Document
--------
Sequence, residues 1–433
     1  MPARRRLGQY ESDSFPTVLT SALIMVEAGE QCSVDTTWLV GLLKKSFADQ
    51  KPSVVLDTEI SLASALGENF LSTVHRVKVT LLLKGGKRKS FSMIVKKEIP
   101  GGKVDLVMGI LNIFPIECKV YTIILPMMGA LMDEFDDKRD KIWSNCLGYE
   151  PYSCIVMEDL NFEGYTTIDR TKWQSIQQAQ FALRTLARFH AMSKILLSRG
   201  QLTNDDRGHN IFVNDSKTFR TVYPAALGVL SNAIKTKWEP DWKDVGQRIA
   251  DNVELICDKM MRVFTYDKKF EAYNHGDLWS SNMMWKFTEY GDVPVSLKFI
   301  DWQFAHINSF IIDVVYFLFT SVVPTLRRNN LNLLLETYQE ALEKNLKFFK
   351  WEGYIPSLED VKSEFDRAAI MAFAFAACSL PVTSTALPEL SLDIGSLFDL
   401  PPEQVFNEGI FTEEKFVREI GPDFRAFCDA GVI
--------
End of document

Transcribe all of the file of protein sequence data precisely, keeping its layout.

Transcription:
Sequence, residues 1–433
     1  MPARRRLGQY ESDSFPTVLT SALIMVEAGE QCSVDTTWLV GLLKKSFADQ
    51  KPSVVLDTEI SLASALGENF LSTVHRVKVT LLLKGGKRKS FSMIVKKEIP
   101  GGKVDLVMGI LNIFPIECKV YTIILPMMGA LMDEFDDKRD KIWSNCLGYE
   151  PYSCIVMEDL NFEGYTTIDR TKWQSIQQAQ FALRTLARFH AMSKILLSRG
   201  QLTNDDRGHN IFVNDSKTFR TVYPAALGVL SNAIKTKWEP DWKDVGQRIA
   251  DNVELICDKM MRVFTYDKKF EAYNHGDLWS SNMMWKFTEY GDVPVSLKFI
   301  DWQFAHINSF IIDVVYFLFT SVVPTLRRNN LNLLLETYQE ALEKNLKFFK
   351  WEGYIPSLED VKSEFDRAAI MAFAFAACSL PVTSTALPEL SLDIGSLFDL
   401  PPEQVFNEGI FTEEKFVREI GPDFRAFCDA GVI